Here’s the lede from The Washington Post in a Thursday article accusing National Security Advisor Michael Flynn (USA Lt Gen, Ret) of discussing sanctions with the Russian ambassador before President Donald Trump’s inauguration (and before Flynn’s installation as Advisor):
National security adviser Michael Flynn privately discussed US sanctions against Russia with that country’s ambassador to the United States during the month before President Trump took office, contrary to public assertions by Trump officials, current and former US officials said.
Notice that. Current and former US officials—carefully unidentified by the Post persons. There’s more [emphasis added, as it is in the subsequent quotes]:
Flynn’s communications with Russian Ambassador Sergey Kislyak were interpreted by some senior US officials as an inappropriate and potentially illegal….
Officials said this week that the FBI is continuing to examine Flynn’s communications with Kislyak. Several officials emphasized that while sanctions were discussed….
the fuller account of Flynn’s contacts with Kislyak provided by officials who had access to reports from US intelligence and law enforcement agencies….
Nine current and former officials, who were in senior positions at multiple agencies at the time of the calls, spoke on the condition of anonymity….
All of those officials said Flynn’s references to the election-related sanctions were explicit. Two of those officials went further, saying that Flynn urged Russia not to overreact…making clear that the two sides would be in position to review the matter after Trump was sworn in as president.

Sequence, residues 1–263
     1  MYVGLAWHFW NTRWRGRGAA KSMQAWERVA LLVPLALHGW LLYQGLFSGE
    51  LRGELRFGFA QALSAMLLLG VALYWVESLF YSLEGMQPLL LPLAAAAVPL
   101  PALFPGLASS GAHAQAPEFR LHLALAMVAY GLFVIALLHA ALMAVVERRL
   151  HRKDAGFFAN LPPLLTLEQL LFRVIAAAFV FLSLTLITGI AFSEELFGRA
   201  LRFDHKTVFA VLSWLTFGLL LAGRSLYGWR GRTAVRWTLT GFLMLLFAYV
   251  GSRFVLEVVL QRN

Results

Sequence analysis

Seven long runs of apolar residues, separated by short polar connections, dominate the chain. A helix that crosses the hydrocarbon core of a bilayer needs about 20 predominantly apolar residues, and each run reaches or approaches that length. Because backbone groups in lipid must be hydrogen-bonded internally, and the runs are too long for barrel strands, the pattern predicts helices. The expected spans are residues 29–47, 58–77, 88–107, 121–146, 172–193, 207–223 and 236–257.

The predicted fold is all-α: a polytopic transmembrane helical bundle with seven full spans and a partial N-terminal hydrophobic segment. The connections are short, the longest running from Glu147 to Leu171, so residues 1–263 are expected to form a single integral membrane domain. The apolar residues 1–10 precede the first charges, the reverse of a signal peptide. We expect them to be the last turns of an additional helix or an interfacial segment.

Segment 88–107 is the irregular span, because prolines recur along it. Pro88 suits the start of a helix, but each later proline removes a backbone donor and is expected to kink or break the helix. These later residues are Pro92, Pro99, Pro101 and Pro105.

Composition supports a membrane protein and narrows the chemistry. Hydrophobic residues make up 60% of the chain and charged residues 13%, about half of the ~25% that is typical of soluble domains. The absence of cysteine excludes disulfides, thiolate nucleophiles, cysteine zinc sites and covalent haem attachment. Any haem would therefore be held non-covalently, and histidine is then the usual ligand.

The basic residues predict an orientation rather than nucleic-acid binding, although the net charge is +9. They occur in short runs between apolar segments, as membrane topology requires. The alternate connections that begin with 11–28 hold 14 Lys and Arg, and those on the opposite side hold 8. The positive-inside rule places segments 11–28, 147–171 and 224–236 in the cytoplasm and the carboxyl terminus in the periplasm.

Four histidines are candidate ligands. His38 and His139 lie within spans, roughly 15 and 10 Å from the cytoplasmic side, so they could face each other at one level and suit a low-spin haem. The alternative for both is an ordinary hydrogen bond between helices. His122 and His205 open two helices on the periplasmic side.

Shades of ex-President Barack Obama’s (D) assurances to “Vladimir” of greater flexibility. There’s still more from the Post:
“Kislyak was left with the impression that the sanctions would be revisited at a later time,” said a former official.
A third official put it more bluntly, saying that either Flynn had misled Pence or that Pence misspoke.
The nature of Flynn’s pre-inauguration message to Kislyak triggered debate…according to officials familiar with that debate.
Current and former US officials said that assertion [of no sanctions discussion] was not true.
Then there’s this bit of misdirection by the Post:
The spokesman [Flynn’s spokesman] said Flynn “indicated that while he had no recollection of discussing sanctions, he couldn’t be certain that the topic never came up.”
The subject coming up isn’t the same as the subject being discussed. The Post knows this.
Did Flynn overstep his bounds? It’s impossible to tell from this article; there are no verifiable sources cited; although there are a dozen carefully anonymous—and so unverifiable—sources claimed. As you read through the piece, though, you’ll notice that in the discussion of whether Flynn’s alleged-by-the-Post actions would be prosecutable, the newspaper did explicitly identify sources; it clearly had no problem naming names where that was convenient to it.